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Ubisoft has finally answered concerns over security flaws in its Uplay DRM software application which is installed with the majority of video game titles from the French-based publisher.
Ubisoft issued a statement to IBTimes UK, saying it has issued a forced patch to correct the flaw in the browser plug-in for the Uplay PC application, which was brought to its attention earlier today. The company recommends that all Uplay users update their Uplay PC application without a web browser open.
This will allow the plug-in to update correctly. An updated version of the Uplay PC installer with the patch also is available from Uplay.com.
A spokesperson said: "Ubisoft takes security issues very seriously, and we will continue to monitor all reports of vulnerabilities within our software and take swift action to resolve such issues."
Earlier it was revealed that the DRM software application, called Uplay, contained a vulnerability which grants any website remote access to your PC.
This discovery, by Google security researcher Tavis Ormandy, led many to say that Ubisoft's Uplay DRM software is in fact a rootkit, which, once installed, opens up users' PCs to attack from malicious websites.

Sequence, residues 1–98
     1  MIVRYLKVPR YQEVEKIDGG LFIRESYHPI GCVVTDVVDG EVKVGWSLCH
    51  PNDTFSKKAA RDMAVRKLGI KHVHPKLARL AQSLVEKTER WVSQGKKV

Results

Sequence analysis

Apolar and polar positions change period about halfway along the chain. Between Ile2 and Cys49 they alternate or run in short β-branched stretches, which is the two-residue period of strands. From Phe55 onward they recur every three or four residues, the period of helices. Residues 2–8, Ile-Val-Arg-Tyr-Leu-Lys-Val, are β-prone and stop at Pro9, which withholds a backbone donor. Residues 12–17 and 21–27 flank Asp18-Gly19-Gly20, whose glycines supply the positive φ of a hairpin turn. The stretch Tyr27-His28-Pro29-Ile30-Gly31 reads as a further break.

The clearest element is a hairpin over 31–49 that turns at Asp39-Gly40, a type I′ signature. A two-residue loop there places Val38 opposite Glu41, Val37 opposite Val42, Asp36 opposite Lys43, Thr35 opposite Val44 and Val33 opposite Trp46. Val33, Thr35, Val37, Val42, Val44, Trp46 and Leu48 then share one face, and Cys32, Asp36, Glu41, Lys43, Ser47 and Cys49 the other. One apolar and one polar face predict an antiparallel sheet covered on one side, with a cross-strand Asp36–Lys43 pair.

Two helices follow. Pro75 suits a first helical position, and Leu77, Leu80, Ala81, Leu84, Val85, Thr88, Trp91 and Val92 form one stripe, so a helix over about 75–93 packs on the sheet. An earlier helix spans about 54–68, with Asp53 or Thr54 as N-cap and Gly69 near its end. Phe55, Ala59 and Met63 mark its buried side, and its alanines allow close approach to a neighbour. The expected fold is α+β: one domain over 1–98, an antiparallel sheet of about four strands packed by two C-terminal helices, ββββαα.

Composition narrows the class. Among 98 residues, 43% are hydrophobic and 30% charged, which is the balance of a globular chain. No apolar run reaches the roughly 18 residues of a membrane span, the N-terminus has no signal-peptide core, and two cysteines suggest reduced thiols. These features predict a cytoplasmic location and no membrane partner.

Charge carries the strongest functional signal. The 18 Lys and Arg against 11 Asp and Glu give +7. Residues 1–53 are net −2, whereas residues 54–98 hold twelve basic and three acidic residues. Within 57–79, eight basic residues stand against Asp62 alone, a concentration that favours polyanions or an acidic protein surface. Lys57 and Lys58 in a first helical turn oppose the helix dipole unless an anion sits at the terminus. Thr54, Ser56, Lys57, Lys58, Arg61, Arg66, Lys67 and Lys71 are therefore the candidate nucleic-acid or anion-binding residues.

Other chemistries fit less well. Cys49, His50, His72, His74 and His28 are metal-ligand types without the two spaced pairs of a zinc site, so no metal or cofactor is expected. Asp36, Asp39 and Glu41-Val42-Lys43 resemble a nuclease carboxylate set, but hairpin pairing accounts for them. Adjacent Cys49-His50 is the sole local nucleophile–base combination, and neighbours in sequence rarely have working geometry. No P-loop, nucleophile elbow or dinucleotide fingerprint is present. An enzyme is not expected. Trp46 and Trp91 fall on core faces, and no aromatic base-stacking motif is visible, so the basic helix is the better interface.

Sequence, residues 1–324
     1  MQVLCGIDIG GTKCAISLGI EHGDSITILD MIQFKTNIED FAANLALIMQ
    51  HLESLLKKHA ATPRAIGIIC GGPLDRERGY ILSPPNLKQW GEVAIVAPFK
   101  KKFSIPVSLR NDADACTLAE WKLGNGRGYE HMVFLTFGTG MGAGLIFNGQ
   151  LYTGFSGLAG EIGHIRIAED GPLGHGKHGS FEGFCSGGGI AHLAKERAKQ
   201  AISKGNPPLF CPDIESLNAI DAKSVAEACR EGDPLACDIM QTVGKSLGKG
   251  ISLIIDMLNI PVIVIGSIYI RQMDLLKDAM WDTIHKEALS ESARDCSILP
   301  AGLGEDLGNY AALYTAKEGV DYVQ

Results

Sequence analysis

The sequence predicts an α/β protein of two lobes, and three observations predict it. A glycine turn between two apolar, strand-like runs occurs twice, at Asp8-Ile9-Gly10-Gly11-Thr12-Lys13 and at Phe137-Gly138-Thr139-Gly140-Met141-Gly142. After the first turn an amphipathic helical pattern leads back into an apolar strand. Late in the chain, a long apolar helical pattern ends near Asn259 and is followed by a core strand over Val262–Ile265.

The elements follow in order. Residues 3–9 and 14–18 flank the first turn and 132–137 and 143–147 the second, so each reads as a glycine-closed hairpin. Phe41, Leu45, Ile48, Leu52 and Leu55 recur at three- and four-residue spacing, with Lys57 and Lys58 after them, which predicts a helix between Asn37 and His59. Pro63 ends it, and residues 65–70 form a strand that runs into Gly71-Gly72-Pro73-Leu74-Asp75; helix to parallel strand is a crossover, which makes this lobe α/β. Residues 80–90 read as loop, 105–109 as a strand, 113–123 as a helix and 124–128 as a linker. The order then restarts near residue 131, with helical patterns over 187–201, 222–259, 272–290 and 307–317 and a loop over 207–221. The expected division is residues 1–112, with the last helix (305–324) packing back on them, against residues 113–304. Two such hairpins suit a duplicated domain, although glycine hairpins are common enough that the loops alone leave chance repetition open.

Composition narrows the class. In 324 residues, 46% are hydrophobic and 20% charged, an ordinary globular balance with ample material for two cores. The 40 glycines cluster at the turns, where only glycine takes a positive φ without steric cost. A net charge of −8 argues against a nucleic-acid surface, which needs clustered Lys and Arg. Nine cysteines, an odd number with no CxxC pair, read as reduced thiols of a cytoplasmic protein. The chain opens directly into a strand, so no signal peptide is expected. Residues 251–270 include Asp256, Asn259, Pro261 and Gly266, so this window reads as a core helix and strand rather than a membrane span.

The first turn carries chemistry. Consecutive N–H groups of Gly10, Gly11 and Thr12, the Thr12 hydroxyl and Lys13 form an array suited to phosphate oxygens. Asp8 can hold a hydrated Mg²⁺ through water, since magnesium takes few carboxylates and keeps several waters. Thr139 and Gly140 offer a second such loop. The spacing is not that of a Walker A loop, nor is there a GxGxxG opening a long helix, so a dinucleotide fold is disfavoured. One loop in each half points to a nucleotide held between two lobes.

UPlay is software bundled with almost all of Ubisoft's games including the high-profile Assassin's Creed titles and Tom Clancy's Splinter Cell. The UPlay software is installed to prevent piracy but, it also installs a plugin which allows any website to run code on any PC running the plugin.
A rootkit is a form of malicious software (malware) designed to hide the existence of certain processes or programs from normal methods of detection.
According to Ormandy, who revealed the discovery on a security email list called Full Disclosure, he found the vulnerability while on holiday:
"While on vacation recently I bought a video game called "Assassin's Creed Revelations". I didn't have much of a chance to play it, but it seems fun so far. However, I noticed the installation procedure creates a browser plugin for its accompanying Uplay launcher, which grants unexpectedly (at least to me) wide access to websites."